The night doesn't seem long enough to recharge me from the horrible, petty, irritable mess I am by the end of a day of keeping their gnashing teeth away from one another's necks. After a few days in a row, I wake up already upset with Ishmael (maybe because he wakes up in the middle of the night for no good reason most nights, occasionally even waking Ira) and wanting nothing but to escape. I don't like this. I don't want to be in this situation, and I don't like feeling myself unable to reset. Frankly, I feel paralyzed to even ask God for help, and generally abandoned to my own ugly war. I know this is ridiculous and even offensive, but I feel like my day and my attitude are #beyond! Beyond His help, that is, and that if I were to get "spiritual" about motherhood that it would only be a pretty face on top of something that is still incredibly hard and rotten, most days. I fall prey to the idea that if I were a good enough mom or a good enough Christian, Jesus would make my life easy. What a joke. The only truth I know about God and parenting so far is that it is still hellish (perhaps more so when you're trying to guide your children to love the Lord and do what is right), and the only difference is that His mercies are new every morning. My problem is that I have trouble accepting them.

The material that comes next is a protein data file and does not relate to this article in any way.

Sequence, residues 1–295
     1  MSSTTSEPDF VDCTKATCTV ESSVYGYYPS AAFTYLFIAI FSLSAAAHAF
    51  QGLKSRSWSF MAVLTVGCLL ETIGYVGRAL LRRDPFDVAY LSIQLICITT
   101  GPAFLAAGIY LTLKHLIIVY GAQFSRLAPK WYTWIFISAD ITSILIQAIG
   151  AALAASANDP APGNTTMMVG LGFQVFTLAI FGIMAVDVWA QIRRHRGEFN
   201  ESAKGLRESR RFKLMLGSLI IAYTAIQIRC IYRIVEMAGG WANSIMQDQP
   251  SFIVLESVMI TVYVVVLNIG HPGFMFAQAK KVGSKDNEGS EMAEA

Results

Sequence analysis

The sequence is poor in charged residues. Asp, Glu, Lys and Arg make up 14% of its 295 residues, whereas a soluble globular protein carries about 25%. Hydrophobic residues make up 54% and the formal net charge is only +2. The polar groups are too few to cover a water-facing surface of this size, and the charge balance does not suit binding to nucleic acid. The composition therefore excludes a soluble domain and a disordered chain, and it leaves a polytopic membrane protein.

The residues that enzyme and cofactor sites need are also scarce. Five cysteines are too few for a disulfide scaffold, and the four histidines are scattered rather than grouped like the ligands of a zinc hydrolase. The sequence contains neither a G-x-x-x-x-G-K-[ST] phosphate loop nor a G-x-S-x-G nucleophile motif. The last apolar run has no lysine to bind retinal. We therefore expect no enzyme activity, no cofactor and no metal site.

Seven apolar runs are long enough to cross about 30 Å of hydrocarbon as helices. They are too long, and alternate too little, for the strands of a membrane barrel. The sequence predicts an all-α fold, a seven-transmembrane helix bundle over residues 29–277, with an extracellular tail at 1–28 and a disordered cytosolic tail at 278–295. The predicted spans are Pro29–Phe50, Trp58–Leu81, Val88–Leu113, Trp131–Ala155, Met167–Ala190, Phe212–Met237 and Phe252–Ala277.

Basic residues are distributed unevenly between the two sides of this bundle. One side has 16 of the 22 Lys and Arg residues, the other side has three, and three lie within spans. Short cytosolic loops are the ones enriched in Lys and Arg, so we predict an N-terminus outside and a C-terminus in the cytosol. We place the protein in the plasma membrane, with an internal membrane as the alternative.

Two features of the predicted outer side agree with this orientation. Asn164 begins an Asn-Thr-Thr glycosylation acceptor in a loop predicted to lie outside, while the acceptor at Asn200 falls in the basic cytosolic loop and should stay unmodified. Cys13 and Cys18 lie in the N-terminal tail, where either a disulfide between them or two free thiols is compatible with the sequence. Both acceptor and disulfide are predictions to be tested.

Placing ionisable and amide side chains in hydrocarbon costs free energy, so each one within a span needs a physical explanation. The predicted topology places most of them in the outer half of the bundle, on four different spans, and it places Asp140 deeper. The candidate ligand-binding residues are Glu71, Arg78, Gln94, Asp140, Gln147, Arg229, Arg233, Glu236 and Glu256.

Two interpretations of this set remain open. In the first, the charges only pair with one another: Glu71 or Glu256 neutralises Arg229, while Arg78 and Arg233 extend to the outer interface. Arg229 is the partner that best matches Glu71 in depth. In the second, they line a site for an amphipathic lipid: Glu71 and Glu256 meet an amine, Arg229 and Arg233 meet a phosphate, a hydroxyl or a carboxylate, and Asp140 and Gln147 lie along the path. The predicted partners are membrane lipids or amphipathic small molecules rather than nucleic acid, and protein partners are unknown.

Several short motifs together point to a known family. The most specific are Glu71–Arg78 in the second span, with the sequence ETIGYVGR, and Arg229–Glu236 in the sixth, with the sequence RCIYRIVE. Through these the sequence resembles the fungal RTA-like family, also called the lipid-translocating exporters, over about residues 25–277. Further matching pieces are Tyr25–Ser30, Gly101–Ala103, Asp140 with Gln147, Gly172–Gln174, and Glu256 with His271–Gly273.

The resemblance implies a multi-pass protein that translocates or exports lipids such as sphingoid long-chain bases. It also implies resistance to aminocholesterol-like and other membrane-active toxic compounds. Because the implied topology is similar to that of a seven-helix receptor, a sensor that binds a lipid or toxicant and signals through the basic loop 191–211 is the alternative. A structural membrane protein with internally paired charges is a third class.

Even my body is aware of my state - bent to the point of pain at standing straight, pain at being on my feet because of bad posture, headaches from coffee or lack of coffee or just emotional exhaustion.

It's very hard for me to see the joys in parenting right now, and there's certainly little to no fun. One of the worst things is that I'm afraid that if I can't have fun, they probably can't have nearly as much fun as they could be having, and that's a shame. As I was cooking dinner today (they were gated in upstairs where it was easier to ignore them yelling at me) I realized that perhaps the crux of my dissatisfaction with my role as a parent right now is that I can't seem to thrive at it. I think most of us would agree that we enjoy doing things that we're good at and find fulfillment in seeing a good thing completed. For me, that has yet to happen with parenting, which seems to be my sole job for the next two decades at least. I know that this is my perspective more than reality, but I have a hard time separating the two.